Oprah, Eckhart Tolle, and the fundamentalist hijacking of Christianity
A few weeks ago I went and jumped headfirst into the ruckus about Eckhart Tolle’s A New Earth over at Oprah Winfrey’s message boards.
Surely you’ve heard about the controversy, haven’t you? Ms. Winfrey recently picked Tolle’s book as the subject for a groundbreaking 10-week video class that streams across the Internet and around the world. Her decision has catapulted the book to the top of the bestseller lists (making it by far the most awesomely popular of her numerous book club picks) and has elicited both great excitement and great negativity from crowds far and wide.
The excitement has come from two types of people, those who already know Tolle’s brilliant work as a spiritual author and teacher and those who are thrilled to be introduced to it for the first time. The negativity has come from legions of fundamentalist Protestant Christians who are filling Oprah’s message boards, and also a lot of the rest of the Internet and World Wide Web, with criticisms of and attacks upon Tolle as an evil New Age deceiver and Oprah as the founder of a proprietary cult that probably has something to do with the anti-Christ and is certainly leading many people away from God, Christ, truth, and so on. It’s as if Winfrey’s decision to promote Tolle’s book has popped a kind of boil on the face of American religion, releasing a flood of pent up, festering nastiness.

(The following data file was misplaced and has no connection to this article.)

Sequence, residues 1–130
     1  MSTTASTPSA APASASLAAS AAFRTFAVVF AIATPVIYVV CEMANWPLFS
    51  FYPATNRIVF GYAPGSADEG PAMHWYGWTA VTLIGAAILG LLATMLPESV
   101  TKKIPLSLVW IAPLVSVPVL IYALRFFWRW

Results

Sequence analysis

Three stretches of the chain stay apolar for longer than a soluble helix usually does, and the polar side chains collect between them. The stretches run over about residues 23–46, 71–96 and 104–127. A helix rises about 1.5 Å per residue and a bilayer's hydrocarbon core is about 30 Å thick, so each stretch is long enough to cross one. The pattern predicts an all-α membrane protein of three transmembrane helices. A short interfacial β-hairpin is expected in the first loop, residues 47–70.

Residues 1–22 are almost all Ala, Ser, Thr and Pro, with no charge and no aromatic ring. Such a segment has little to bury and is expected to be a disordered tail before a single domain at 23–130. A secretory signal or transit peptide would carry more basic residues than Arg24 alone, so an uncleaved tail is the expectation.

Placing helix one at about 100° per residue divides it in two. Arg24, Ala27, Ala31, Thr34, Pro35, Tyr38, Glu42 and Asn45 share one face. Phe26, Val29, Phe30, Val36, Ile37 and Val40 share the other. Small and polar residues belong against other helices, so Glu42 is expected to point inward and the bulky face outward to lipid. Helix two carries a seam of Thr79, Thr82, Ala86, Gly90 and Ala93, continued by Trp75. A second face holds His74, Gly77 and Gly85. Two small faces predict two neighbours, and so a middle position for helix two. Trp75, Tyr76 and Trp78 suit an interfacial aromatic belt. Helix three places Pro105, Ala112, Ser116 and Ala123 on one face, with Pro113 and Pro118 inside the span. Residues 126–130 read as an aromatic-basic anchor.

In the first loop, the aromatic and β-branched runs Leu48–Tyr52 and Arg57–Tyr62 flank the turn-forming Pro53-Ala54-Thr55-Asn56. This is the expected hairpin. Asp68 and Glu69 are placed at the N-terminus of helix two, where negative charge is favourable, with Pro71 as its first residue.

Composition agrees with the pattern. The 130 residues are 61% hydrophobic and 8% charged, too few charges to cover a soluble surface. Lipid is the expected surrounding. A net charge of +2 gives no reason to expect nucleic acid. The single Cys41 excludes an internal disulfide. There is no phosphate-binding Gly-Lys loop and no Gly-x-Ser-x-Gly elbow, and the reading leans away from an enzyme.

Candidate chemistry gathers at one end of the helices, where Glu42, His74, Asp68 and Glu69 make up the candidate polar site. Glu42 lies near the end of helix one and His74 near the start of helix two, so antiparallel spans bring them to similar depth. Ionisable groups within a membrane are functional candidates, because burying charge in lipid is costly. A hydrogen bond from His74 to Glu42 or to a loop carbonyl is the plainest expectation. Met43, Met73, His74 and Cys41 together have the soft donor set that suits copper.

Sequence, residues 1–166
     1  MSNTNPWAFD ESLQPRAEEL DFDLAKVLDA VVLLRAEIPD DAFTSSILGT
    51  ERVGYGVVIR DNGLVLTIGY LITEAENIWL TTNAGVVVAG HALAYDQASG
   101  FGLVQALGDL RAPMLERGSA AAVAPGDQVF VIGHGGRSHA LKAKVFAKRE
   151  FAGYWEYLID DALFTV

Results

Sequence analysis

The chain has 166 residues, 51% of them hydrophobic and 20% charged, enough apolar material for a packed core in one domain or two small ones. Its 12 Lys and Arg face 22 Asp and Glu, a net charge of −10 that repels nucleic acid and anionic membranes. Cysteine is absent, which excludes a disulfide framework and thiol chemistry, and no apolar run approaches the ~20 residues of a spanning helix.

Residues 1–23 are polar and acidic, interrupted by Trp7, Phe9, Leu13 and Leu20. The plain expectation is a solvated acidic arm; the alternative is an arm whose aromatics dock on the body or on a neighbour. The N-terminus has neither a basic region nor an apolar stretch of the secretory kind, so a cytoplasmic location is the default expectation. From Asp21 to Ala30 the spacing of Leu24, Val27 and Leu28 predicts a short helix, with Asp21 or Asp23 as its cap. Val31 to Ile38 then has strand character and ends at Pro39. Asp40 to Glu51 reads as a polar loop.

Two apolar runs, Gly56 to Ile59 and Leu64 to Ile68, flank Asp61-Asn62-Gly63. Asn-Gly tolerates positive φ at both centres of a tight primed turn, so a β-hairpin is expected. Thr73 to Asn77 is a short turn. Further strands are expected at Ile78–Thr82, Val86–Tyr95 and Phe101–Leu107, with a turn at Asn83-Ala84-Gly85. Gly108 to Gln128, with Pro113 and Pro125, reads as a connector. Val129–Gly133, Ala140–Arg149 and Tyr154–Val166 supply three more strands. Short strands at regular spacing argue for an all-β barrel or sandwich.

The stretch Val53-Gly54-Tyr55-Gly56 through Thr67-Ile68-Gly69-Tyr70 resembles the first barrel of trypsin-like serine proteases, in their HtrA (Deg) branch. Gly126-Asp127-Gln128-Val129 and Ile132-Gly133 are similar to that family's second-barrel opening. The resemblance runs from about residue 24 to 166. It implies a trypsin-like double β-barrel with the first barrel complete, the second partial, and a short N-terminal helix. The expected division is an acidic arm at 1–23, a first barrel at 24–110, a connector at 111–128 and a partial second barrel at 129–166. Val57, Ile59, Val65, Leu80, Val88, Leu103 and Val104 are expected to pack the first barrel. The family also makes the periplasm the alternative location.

You can find out all about it, if you like, by visiting YouTube or Google and entering Tolle’s and Oprah’s names as search terms. You’ll find homemade video segments about Tolle and Oprah that aspire to the status of exposés. You’ll find Pentecostal pastors speaking to large crowds at revival meetings about poor and/or dastardly Oprah Winfrey and her satanically inspired deception of the masses. You’ll find an Internet pastor challenging Oprah to a public debate about religion. You’ll find articles and blog posts by fundamentalist Protestants arguing that Tolle is just America’s “guru of the moment” who preaches a watered-down New Age pantheism and feel-good self-help philosophy, and that Oprah is a veritable she-devil who has made it her mission in life to twist, corrupt, and oppose the (literal, inerrant, non-negotiable, non-interpretable) truth of the Bible.
You can also visit the section of Oprah’s message boards devoted to discussing Tolle and A New Earth, where you’ll find vigorous conversations and arguments in progress about all of these things. If you poke around there long enough, you just might stumble across the following message written by me in response to somebody who suggested that participants in those conversations should consider drawing distinctions between types of Christians, since not all of the self-identified Christians who have been jumping into the conversation at those message boards are writing from a fundamentalist viewpoint.